Having finished my 2nd tank of gas, I can report that I refilled it 56.869 litres at 439.5 km, which gives 7.73 km/litre which is about 18.18 mi./gal. Ironically, this was actually heavily highway driving, but on the last day before filling, I got stuck on the highway, adding about 15 min. to my travel time, which wasted a lot of gas. Then again, in the real world, that is what happens, and the result is what those of us who live in fairly large, busy cities often see. However, on a good week, with a lot of highway driving, I see 20 mpg.
Also, in the Road & Track 2007 Truck Buyer's Guide, I found that the 2007 Uplander GVWR is 6,500 lbs. This number is, apparently, the same for both the long and short wheelbase versions. As I mentioned, the curb weight of the long wheelbase version was 4,470 lbs. giving 2,030 capacity, which means either 2007 version is better than either of the 2003 version vehicles. And comparing the short wheelbase 2007 Uplander adds another 427 lbs. to the payload capacity giving 2,457 lbs. or about 1000 lbs. more "headroom" to work with. So the later Uplanders and Montana SV6's should have far less problems with engines and transmission. At least that is the theory.
#18 of 21 Re: Update Report: Mileage [writer]
Sep 09, 2007 (6:02 pm)
Don't know which motor you have, my 3900 loosended up considerably once she hit about 10-12k on the odometer. Mileage increased by about 1.5mpg too. Of course, using higher octane fuel will get you better mileage as well, sometimes even specific brands are more efficient then others.
#19 of 21 Re: Update Report: Mileage [swathdiver]
Jul 17, 2009 (4:39 am)
Vehicle has about 52K now. The driver's side power sliding door has been most annoying. We don't use it because I'm sick of taking it back to the dealer. Well, it's been about a year and will probably take it back next week to get fixed. Bought the extended warranty. Brakes are about ready to be replaced. 2nd set of tires no alignment needed. The dash up under the windshield has just cracked, the little seat belt guides have broken, one of the cables which allows the rear seats to be raised from the back has frayed. Kids say DVD screen get discolored once in a while, a tap and it goes away.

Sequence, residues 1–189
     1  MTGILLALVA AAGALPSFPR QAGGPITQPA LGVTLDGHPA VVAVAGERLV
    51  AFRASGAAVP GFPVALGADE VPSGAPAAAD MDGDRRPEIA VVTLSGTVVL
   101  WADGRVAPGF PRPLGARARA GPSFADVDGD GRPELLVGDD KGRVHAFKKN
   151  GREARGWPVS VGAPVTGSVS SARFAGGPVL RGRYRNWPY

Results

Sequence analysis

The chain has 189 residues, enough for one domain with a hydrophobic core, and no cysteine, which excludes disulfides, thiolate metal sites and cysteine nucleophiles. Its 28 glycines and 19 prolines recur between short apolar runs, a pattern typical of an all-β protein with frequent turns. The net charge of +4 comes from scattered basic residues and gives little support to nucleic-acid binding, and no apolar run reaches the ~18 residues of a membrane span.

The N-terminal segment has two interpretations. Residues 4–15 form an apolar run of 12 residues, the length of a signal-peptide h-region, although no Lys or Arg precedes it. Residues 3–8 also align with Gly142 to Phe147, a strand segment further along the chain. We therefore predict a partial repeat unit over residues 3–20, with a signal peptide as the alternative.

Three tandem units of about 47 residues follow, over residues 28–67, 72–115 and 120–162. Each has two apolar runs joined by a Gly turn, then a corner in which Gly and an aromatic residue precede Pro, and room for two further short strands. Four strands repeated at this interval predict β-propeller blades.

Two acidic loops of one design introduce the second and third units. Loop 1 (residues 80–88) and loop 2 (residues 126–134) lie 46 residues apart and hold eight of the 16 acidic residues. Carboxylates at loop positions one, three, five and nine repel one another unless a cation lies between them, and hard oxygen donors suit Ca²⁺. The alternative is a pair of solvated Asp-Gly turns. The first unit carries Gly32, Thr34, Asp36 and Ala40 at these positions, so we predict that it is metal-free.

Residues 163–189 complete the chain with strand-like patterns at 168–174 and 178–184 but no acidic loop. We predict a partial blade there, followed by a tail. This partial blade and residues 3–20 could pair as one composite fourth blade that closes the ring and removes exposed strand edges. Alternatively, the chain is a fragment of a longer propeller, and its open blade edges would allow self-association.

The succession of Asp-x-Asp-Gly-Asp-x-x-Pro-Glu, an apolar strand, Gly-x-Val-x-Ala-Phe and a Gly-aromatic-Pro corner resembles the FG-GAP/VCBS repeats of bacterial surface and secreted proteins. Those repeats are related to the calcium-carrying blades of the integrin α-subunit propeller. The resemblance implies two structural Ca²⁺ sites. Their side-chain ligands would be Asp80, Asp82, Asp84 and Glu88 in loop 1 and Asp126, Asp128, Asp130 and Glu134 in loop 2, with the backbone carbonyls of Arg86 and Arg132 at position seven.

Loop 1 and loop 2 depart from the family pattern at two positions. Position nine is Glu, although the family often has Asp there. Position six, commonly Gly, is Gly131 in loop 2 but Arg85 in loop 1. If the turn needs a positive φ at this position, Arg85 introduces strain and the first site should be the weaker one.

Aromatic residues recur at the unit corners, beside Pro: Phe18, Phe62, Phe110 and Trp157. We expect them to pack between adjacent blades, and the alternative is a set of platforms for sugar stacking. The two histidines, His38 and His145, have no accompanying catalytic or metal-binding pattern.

It gets 23mpg on the highway fully loaded and then some, and around 18-19 in the city, always with the air blowing here in South Florida.
Except for the door the rest of the stuff is minor. Onstar and built in phone is cool! Too bad my beloved GM has been taken over by Marxists. I will not buy another new car until they're free again.
#20 of 21 Re: Update Report: Mileage [swathdiver]
Jul 20, 2009 (9:59 pm)
Hi there swathdiver.
I noticed you do indepth `proactive` research and detailed maintenance of your van. Great stuff!!! As as suggestion, you may want to install an aux tranny cooler in your van as well. My local transmission specialists tells me the 4T65E transmission (in the GM mini-vans) run hot. Even for typical non-towing driving conditions (like soccer parents trips in city driving on a hot summer day), the ATF fluid runs hot. He tells me that a aux transmission cooler for a 5,000 lbs trailer will add many more years to the factory transmission's life. And with more transmission coolering, it helps keep its 3.09L VVT engine a little cooler as well. Thus, win-win in the long run. If wondering, I installed Hayden ATF cooler in my '09 Montana EWB van 2 months ago and its working great. re: http://www.makcotransmissionparts.com/OC-1678.html
Hope this helps improve your new GM mini- van as well...
#21 of 21 Thanks for the Reminder...
Jul 21, 2009 (7:16 pm)
I used to always add a cooler to my cars. This van has heavy duty cooling and tow package option with larger radiator. It's due for a transmission fluid change, going to do the exchange method and replace it all rather then just the pickup screen with 1/2 the fluid. When that is done, it will get Dexron VI synthetic which is superior to Dex V. I just may add the cooler like I used too though now that you mention it!